6 hackles tied in ( 3 a side )

 

Add a collar of bucktail, spread around the shank. You want to get a decent flare here to help the transition between the hackles and the brush in your next steps.

 

Tie in your brush and wind thread forward

 

Wind Brush forward to point shown and tie off. You want to leave some tag end of the brush as shown, don’t cut it, just fold it back out the way to use later.

 

Singe the end of the body tubing and tie in as shown. Its pretty tricky to get right, and requires a bit of practice, and helps to have strong thread.. a touch of super glue helps too.

 

 

Fold the tubing back on itself to get a rough measure of how long you want the head to be. My thumb is showing about where I want to cut the tubing.

 

Once cut, singe the ends of the cut, and fold the tubing back over itself completely towards the rear of the fly.

 

 

Now push forward again and tie in as show.. try make sure you are tying over the tie in point of the first piece of the tubing.
Now take a few more wraps of the remaining Brush, right up to give yourself a bit more body fill.

 

Tie in another collar of bucktail. For this stage, which is optional, I like to use Bob Popovic’s “Bulkhead Deceiver” method of tying in the bucktail with quite long butt ends, and essentially “spinning” it like deer hair. I also tie one clump on top, and one on the bottom instead of trying to get it all evenly distributed in one go.. one on top, spread around top half, and one on the bottom spread around the bottom.

 

Bottom clump tied in. After this, wrap your thread through the upright flared butt ends and get everything standing up or slightly backwards.

 

At this point I do a VERY rough trim of the butt ends as show.

 

Tie in a clump of bucktail, reverse/hollow fly style, with the tips pointing forwards.. note I am tying this in ON TOP of the tie in point of the Body Tubing. I do this in two stages again, one clump on top and spread around top of shank, and a second on the bottom.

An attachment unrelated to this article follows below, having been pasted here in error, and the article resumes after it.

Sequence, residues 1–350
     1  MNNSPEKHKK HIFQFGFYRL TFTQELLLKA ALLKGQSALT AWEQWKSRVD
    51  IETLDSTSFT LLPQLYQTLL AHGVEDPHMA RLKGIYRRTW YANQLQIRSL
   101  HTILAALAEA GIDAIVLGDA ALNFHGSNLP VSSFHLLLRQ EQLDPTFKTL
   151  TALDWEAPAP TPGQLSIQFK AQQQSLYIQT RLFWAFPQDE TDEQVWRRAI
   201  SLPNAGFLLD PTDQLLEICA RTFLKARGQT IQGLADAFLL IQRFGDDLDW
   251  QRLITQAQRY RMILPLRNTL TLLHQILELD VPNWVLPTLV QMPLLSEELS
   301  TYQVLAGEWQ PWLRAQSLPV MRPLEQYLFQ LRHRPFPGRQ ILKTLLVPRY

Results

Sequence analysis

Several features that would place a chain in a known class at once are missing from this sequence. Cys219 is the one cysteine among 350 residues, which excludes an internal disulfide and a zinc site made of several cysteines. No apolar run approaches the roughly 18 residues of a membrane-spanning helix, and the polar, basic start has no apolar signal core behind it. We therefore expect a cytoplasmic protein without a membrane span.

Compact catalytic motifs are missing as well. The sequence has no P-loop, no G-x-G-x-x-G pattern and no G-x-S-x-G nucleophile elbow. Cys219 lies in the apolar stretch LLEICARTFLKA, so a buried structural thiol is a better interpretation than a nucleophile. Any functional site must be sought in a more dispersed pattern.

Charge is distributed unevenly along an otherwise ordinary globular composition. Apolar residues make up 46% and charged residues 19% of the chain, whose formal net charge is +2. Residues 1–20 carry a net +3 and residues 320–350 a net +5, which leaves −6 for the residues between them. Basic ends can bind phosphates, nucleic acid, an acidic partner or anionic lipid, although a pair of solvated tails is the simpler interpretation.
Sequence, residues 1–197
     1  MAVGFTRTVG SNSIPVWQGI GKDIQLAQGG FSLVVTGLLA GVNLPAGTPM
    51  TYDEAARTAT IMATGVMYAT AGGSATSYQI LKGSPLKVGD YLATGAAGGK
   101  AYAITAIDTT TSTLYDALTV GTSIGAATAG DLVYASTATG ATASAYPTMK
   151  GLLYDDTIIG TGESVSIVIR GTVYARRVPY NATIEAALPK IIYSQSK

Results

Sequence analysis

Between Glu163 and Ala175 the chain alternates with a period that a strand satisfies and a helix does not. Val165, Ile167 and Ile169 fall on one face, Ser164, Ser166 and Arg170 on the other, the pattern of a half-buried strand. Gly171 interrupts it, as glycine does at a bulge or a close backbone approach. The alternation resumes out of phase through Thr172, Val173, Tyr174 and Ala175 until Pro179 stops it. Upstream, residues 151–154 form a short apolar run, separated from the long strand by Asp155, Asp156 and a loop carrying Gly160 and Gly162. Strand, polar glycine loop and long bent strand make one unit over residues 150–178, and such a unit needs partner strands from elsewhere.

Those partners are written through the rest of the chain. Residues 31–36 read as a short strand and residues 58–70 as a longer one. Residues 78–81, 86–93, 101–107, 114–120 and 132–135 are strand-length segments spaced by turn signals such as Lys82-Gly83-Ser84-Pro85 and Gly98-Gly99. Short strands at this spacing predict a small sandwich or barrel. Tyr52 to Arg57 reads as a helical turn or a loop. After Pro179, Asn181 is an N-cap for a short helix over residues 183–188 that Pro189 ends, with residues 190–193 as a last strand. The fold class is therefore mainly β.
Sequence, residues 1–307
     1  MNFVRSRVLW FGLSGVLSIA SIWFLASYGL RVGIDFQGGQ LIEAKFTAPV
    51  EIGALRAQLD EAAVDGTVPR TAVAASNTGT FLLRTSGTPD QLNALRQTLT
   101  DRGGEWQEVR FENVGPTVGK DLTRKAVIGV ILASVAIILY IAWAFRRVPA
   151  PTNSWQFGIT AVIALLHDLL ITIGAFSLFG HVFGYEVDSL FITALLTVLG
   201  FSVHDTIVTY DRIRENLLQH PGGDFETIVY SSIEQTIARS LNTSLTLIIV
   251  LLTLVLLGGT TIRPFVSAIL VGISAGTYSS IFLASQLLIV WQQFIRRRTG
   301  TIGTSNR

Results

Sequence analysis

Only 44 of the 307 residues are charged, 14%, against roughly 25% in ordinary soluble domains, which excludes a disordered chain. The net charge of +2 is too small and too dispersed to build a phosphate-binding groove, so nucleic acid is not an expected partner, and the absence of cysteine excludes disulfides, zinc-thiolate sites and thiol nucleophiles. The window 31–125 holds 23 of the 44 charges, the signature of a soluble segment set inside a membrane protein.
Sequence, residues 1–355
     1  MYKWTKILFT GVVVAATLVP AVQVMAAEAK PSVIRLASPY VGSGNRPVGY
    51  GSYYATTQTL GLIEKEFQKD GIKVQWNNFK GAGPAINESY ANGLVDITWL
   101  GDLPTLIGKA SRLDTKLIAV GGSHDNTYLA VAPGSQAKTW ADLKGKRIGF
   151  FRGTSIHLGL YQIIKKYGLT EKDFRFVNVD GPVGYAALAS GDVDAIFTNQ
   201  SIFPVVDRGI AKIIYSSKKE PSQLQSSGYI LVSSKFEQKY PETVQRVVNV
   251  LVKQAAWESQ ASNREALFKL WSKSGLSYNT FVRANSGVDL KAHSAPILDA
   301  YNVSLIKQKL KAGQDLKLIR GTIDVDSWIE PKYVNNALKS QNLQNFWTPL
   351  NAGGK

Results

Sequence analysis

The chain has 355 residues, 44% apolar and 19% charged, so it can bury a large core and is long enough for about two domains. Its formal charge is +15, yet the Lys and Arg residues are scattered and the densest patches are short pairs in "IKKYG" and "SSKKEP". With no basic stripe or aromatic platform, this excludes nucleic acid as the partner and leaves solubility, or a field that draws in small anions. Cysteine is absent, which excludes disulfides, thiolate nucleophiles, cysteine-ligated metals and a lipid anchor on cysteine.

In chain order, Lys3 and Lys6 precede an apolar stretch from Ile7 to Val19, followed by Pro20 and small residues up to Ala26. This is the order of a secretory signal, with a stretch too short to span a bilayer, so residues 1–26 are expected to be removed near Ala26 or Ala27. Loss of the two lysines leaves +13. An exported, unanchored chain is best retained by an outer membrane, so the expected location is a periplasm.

Very important at this stage is making sure your bucktails are spread evenly around the head of the fly.. often best to look from the front to make sure you’ve got even coverage.

 

Side view of bucktail tied in top and bottom.. Using a bodkin to try get the fibers all spread evenly and straight is important, take your time.

 

Whip finish over the tie in point and super glue all the way round on the tie in point and leave to dry completely.

 

The fun part… push /fold the head back pushing the forward facing bucktails back with it. Try spread them evenly round the shank. Depending on the length of your body tubing, you can adjust the “flare” of the bucktail.. A longer piece of tubing will have the Bucktail lying flatter, whilst a shorter head will have them more flared.

 

good bulk and flare:

 

Front view.. lots of bulk and turbulence

 

Top view… all that bulk will create significant turbulence and water flowing back over the tail portion of the fly, imparting good action.

 

Sometimes the shape of the head is not perfect, but with a bit of work ( squeezing, squashing etc, can be manipulated to get it even and the shape you want )

 

I tried tying some smaller versions, using the 1/4 inch tubing which worked out pretty nicely too. These are on 4/0’s..

 

Warwick tied a pair in plain white, using the Flexo tubing in white, which is slightly bigger then the Blane Chocklett Body Tubing 1/4 and they came out absolutely fantastically… I think the versions above should have been tied on 3/0 or 2/0 size hooked, and with a little less body… but either way the came out pretty nicely.

 

Here are Warwick’s freshwater versions, tied on Game B10S hooks.. I love theses in all white and I think the head size using the Flexo tubing on this is perfect:

 

 

2 thoughts on “SBS – The Mighty Ugandan”

  1. Dave says:

    Very cool!